The disparity between the men and women’s national soccer teams is quite shocking. Each player on the U.S. Women’s National Team, according to documents obtained by The Guardian, could receive about $260,000 in maximum earnings for winning the Women’s World Cup. Each player on the U.S. Men’s National Team, however, could have earned nearly $1 million if the club had won the World Cup. That is nearly four times more than their female counterparts.
Many players on the U.S. Women’s Soccer Team have been outspoken about their efforts to be paid as much as the men’s team for years. In March, however, the women’s team decided to come together to take some official action.
On International Women’s Day, all 28 members of the U.S. Women’s National Soccer Team filed suit against the U.S. Soccer Federation (“USSF”), the governing body for soccer in the United States, alleging gender discrimination. The squad purported that, despite their superior performance, they have been “consistently paid less money than their male counterparts.”
In September, the group filed a class certification motion seeking to include any woman who had trained or played with the national team over a multi-year period specified in the lawsuit. Class action lawsuits allow plaintiffs to band together and form a united front; and a favorable judgment can benefit all of the plaintiffs who split the proceeds.
Obtaining class certification is no easy task. In fact, it is often one of the biggest obstacles in class action lawsuits. Under Federal Rule 23, plaintiffs seeking to certify a class “must plead and prove: (1) an adequate class definition, (2) ascertainability, (3) numerosity, (4) commonality, (5) typicality, (6) adequacy of representation, and (7) at least one of the requirements in Rule 23(b), namely: (a) separate adjudications will create a risk of decisions that are inconsistent with or dispositive of other class members’ claims, (b) declaratory or injunctive relief is appropriate based on the defendant’s acts with respect to the class generally, or (c) common questions predominate and a class action is superior to individual actions.” Pleading and proving each of these elements is extremely difficult, and many class actions are unable to get past this hurdle.
“Nevertheless, they persisted.” Last Friday, a California District Court granted their motion and ruled that the members of the U.S. women’s team can pursue their claims as a class action. Since obtaining class certification is one of the biggest obstacles in class action action lawsuits, this decision is a huge win for the team.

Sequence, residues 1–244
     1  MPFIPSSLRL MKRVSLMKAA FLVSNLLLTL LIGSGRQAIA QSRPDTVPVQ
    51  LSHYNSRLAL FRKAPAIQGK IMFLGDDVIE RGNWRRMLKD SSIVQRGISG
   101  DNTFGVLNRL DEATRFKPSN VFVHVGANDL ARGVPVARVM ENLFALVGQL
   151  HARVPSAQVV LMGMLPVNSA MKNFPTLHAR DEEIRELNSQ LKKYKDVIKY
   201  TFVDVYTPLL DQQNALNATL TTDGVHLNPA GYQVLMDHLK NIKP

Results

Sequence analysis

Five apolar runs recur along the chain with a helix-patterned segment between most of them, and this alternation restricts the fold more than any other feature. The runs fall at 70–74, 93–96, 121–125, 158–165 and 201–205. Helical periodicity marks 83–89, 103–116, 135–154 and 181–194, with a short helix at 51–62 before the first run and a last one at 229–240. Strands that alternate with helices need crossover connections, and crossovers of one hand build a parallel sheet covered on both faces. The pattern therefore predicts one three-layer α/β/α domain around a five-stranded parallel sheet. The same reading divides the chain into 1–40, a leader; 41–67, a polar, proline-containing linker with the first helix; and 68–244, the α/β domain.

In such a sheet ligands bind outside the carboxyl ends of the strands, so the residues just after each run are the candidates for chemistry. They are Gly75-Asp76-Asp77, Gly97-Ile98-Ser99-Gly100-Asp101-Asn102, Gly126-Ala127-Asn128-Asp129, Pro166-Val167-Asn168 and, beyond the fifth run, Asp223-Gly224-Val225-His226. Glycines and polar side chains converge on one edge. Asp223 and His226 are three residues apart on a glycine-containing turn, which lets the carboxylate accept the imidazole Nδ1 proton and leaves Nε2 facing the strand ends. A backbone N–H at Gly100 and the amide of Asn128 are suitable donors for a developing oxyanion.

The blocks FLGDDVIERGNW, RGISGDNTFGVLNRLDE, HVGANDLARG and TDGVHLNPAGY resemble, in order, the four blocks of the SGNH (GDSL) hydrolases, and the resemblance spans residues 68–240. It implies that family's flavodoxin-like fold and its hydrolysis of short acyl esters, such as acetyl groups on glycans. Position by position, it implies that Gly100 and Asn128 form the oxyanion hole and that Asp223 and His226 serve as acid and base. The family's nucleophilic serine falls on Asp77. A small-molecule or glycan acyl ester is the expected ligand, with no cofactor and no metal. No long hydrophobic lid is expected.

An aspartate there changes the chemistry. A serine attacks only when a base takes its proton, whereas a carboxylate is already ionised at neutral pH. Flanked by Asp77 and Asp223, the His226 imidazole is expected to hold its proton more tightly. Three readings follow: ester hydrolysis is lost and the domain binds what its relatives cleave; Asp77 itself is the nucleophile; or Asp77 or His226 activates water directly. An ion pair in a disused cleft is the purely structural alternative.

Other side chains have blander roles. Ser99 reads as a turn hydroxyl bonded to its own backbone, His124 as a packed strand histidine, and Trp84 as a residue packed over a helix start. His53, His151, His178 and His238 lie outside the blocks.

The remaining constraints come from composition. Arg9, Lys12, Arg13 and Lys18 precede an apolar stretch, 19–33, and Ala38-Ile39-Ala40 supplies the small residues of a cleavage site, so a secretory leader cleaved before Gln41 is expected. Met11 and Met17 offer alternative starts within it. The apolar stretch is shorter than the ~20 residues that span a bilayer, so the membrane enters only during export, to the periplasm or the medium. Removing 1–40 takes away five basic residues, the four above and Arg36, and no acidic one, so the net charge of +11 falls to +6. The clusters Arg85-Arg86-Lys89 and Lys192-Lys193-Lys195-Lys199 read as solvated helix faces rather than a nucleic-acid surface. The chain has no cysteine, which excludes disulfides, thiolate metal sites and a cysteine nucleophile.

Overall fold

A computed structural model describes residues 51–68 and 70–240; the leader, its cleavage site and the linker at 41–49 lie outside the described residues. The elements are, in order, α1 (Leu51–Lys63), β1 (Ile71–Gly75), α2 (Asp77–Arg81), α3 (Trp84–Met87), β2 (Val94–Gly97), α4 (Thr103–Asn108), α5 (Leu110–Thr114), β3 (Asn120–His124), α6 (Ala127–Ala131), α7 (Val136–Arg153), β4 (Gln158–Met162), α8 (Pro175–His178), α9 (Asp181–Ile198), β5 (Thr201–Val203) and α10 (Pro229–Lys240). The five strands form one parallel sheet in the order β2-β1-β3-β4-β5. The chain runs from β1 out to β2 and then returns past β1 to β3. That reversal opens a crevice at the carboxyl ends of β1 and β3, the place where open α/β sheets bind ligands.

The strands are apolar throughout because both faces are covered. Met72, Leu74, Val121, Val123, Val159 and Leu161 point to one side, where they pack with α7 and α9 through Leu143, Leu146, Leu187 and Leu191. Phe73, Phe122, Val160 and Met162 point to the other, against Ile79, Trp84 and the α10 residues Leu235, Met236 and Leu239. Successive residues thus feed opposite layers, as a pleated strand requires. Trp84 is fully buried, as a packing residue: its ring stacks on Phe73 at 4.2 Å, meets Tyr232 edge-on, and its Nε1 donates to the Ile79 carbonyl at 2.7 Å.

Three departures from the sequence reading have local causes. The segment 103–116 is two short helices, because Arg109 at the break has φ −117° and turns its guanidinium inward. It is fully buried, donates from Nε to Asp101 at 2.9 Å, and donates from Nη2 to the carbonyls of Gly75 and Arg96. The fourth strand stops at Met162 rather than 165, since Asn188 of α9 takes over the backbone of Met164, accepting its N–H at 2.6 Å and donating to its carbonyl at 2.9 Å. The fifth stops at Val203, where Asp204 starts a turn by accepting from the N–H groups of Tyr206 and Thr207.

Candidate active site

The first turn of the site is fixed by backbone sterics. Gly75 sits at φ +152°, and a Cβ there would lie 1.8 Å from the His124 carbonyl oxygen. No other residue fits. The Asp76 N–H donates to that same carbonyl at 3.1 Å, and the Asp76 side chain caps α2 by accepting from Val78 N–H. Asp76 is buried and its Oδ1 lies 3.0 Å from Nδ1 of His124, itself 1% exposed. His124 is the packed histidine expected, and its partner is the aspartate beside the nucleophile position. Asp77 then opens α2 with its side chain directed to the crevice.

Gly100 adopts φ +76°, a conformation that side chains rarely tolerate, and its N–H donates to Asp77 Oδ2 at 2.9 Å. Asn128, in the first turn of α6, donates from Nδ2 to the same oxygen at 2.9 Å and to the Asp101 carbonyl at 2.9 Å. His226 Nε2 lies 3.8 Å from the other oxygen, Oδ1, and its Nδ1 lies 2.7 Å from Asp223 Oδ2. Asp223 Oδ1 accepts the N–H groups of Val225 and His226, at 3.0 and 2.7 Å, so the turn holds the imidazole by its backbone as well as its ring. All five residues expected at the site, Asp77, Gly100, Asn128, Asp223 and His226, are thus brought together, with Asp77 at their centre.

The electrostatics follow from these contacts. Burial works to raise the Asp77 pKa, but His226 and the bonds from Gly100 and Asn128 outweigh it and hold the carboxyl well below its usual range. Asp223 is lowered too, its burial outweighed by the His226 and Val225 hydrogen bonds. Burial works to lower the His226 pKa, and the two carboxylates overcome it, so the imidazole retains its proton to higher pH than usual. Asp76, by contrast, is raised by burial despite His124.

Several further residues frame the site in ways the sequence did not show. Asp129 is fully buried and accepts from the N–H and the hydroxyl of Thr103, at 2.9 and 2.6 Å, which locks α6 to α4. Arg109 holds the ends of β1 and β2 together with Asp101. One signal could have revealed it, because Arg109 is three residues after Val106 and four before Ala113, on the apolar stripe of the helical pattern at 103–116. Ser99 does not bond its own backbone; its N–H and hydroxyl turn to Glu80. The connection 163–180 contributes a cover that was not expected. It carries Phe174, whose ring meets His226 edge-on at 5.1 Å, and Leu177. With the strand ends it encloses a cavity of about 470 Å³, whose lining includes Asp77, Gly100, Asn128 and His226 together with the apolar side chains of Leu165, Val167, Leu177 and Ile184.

In granting class status, the judge “essentially rejected USSF’s claims that many of the women named in the lawsuit had earned more than their top-earning male counterparts over the same period.” The judge went as far to say that USSF’s argument could yield an ‘absurd result.”
Representatives from the team are thrilled with the decision. Molly Levinson, a spokeswoman for the players, said that “this is a historic step forward in the struggle to achieve equal pay.” Another rep stated that they are “so pleased that the Court has recognized USSF’s ongoing discrimination against women players— rejecting USSF’s tired arguments that women must work twice as hard and accept lesser working conditions to get paid the same as men.”
Still, the USSF is not backing down. The organization has maintained that the men’s and women’s teams are paid differently due to differences in their collective bargaining agreements and refuse all allegations of gender discrimination.
Although there is still a big fight ahead, the USSF should be worried. There is strong public support for the women’s cause, which was evident following the team’s victory in the World Cup when chants of “equal pay” reverberated from the bleachers of the Stade de Lyon in France. Several lawmakers have also backed the U.S. women’s efforts. Most importantly, however, this group of stars have proved that they can win on and off the field.
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